Report: Building code not enforced

By Sean Janssen, The Union Democrat April 02, 2013 11:58 am

Building code enforcement officials are overwhelmed in Calaveras County despite the fact the county should have ample funds to do something about it, according to an interim Grand Jury report released late last week.

Thursday’s report finds two code enforcement officers are drowning in a backlog of hundreds of complaints while “permit avoidance” becomes rampant since officers are too busy to crack down.

 

According to the report, the two positions are funded at $75,000 apiece, including salary, benefits and overhead costs. Meanwhile, the code actions taken by the officers generate about $240,000 annually, with those revenues directed into the county’s general fund.

“It’s like we’re trying to paint the Golden Gate Bridge with a Q-Tip. You can’t seem to get it all done,” said Calaveras County Chief Building Official Jeff White. “We triage these things to do what we can in a way that will have the greatest benefit to public safety ... I understand the public’s frustration.”

The Grand Jury recommends the county dedicate the revenues generated by code compliance to hire an additional staffer to process complaints and coordinate efforts with other county land use departments.

“The excess is a “cash cow” for other County funding needs. These funds should be reserved only for improving the quality of County land use and its condition,” the report states. “Additional Code Compliance Officers are needed.”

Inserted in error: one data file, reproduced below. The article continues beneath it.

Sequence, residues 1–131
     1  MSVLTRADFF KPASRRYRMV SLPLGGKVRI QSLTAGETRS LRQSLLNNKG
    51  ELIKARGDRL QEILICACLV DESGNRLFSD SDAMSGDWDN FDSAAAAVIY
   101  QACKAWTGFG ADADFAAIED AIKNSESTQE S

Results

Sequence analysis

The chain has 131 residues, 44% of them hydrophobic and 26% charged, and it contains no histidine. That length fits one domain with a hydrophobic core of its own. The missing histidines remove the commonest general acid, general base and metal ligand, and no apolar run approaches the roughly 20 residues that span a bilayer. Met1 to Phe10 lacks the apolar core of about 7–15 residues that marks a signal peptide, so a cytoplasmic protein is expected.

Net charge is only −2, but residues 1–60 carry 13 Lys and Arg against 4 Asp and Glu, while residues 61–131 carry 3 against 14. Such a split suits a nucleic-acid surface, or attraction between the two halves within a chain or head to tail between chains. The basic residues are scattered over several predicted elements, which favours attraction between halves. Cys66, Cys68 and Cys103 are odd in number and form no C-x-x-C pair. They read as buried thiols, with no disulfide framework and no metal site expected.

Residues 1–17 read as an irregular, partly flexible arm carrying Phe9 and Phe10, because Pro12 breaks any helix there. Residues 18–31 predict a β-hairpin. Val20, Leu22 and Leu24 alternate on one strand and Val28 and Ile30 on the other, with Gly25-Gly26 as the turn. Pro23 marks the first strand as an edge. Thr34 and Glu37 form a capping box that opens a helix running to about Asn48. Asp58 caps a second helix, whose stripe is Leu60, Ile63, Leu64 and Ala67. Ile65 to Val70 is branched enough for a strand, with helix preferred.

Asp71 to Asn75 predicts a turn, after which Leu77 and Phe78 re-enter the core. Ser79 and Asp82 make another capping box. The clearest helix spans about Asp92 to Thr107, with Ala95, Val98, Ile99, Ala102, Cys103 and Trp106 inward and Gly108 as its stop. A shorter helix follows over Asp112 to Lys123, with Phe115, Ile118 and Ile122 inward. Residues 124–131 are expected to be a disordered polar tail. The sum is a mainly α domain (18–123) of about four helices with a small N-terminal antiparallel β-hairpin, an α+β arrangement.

White agreed that more hands on deck would be a great help. The department lost eight workers to layoffs in 2009, when revenues dropped sharply on the heels of the housing bubble burst, including four building inspectors and two code compliance officers.

“Catching up is going to take some time,” he said. “I don’t know if we can entirely ... we have to prioritize complaints right now.”

The report also found that inconsistency in handling of the fines assessed against code violators encourages permit avoidance and other non-compliance.

Practice has created a maximum fine amount of $10,000 and increases in fines due to continued non-response are left to officers’ discretion, the report states. The Grand Jury recommends a written policy be implemented and waiver of fees be a decision for the Assessment Appeals Board or Board of Supervisors instead of at the discretion of code officers.

White said violators are incurring “potential fines” and the ability to lower the totals when people cooperate encourages bringing matters into compliance.

“To have every fine be reviewed by the Board of Supervisors or something like that ... would probably just slow down the process,” he said.

A further recommendation calls for greater cooperation between the Building Department and Assessor’s Office to evaluate changes made to properties that can trigger re-assessments for tax purposes.